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Mol Nutr Food Res. 2009 Jul;53(7):869-77. doi: 10.1002/mnfr.200800394.

Bilberry and its main constituents have neuroprotective effects against retinal neuronal damage in vitro and in vivo.

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Department of Biofunctional Evaluation, Molecular Pharmacology, Gifu Pharmaceutical University, Gifu, Japan.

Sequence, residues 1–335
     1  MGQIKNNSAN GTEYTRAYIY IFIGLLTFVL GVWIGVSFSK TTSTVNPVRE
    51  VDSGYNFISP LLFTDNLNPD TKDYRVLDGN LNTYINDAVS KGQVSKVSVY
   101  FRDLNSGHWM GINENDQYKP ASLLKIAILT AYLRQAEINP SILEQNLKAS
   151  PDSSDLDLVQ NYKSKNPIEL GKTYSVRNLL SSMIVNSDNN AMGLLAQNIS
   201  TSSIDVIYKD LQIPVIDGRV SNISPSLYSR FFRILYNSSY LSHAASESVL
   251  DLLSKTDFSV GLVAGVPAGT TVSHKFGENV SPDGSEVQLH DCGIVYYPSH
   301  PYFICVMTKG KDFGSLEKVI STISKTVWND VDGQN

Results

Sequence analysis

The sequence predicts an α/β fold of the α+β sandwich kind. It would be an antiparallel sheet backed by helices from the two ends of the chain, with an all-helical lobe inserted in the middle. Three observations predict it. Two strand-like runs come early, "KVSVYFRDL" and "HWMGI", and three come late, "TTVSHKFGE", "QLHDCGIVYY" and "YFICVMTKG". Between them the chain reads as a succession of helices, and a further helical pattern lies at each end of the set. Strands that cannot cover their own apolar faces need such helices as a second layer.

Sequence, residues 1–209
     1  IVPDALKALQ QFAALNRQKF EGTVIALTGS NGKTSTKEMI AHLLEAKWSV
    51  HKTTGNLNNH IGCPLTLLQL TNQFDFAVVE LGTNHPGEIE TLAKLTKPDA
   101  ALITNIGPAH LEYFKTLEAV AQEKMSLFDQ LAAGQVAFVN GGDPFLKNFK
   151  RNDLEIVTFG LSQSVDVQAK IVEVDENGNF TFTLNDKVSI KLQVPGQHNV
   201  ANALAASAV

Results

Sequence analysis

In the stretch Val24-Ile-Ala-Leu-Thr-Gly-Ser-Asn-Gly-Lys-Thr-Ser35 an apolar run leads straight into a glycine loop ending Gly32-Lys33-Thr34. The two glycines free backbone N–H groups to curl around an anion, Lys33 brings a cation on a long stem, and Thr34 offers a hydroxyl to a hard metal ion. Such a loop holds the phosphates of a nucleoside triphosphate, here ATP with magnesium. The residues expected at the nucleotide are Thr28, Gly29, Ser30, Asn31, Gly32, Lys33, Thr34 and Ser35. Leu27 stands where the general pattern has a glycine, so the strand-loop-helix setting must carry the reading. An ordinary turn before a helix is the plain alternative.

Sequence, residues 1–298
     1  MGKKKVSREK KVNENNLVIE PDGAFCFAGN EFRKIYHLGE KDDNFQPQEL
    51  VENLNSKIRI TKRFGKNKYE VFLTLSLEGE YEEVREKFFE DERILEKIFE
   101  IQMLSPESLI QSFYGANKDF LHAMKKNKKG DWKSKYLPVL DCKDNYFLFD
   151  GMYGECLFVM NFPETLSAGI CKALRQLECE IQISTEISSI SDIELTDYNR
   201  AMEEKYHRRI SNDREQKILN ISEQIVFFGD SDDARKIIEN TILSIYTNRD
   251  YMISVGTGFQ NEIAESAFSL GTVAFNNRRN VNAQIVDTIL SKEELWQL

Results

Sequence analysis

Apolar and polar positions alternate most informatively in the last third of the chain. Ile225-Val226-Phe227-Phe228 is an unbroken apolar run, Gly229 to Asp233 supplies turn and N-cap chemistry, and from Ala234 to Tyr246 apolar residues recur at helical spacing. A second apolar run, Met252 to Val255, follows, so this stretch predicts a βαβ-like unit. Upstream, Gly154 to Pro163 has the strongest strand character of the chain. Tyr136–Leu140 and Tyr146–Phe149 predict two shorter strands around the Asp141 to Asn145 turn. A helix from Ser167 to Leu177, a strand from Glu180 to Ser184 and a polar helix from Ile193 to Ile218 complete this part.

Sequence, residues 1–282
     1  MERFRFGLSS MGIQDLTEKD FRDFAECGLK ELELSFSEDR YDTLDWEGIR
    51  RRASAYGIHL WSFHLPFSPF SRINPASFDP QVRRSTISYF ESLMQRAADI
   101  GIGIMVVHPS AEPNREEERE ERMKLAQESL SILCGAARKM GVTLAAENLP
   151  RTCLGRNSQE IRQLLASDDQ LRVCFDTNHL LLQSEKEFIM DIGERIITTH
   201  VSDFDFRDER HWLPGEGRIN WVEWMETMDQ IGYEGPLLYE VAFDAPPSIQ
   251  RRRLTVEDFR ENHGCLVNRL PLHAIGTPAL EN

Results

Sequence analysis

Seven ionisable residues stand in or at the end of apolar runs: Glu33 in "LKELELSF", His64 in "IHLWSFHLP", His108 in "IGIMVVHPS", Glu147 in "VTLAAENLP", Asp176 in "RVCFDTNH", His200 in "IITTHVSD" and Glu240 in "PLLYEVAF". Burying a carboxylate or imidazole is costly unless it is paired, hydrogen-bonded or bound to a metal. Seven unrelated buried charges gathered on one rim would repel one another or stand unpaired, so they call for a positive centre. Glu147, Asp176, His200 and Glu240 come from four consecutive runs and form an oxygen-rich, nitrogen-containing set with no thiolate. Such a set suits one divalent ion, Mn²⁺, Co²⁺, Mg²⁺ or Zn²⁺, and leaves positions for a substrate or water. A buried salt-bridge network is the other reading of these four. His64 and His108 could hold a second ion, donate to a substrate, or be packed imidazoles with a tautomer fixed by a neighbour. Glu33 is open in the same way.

Our aim was to determine whether a Vaccinium myrtillus (bilberry) anthocyanoside (VMA) and/or its main anthocyanidin constituents (cyanidin, delphinidin, and malvidin) can protect retinal ganglion cells (RGCs) against retinal damage in vitro and in vivo. In RGC cultures (RGC-5, a rat ganglion cell-line transformed using E1A virus) in vitro, cell damage and radical activation were induced by 3-(4-morpholinyl) sydnonimine hydrochloride (SIN-1, a peroxynitrite donor). Cell viability was measured using a water-soluble tetrazolium salt assay. Intracellular radical activation within RGC-5 cells was evaluated using 5-(and-6)-chloromethyl-2,7-dichlorodihydrofluorescein diacetate acetyl ester (CM-H(2)DCFDA). Lipid peroxidation was assessed using the supernatant fraction of mouse forebrain homogenates. In mice in vivo, we evaluated the effects of VMA on N-methyl-D-aspartic acid (NMDA)-induced retinal damage using hematoxylin-eosin and terminal deoxynucleotidyl transferase-mediated dUTP nick-end labeling (TUNEL) stainings. VMA and all three anthocyanidins (i) significantly inhibited SIN-1-induced neurotoxicity and radical activation in RGC-5, (ii) concentration-dependently inhibited lipid peroxidation in mouse forebrain homogenates. Intravitreously injected VMA significantly inhibited the NMDA-induced morphological retinal damage and increase in TUNEL-positive cells in the ganglion cell layer. Thus, VMA and its anthocyanidins have neuroprotective effects (exerted at least in part via an anti-oxidation mechanism) in these in vitro and in vivo models of retinal diseases.

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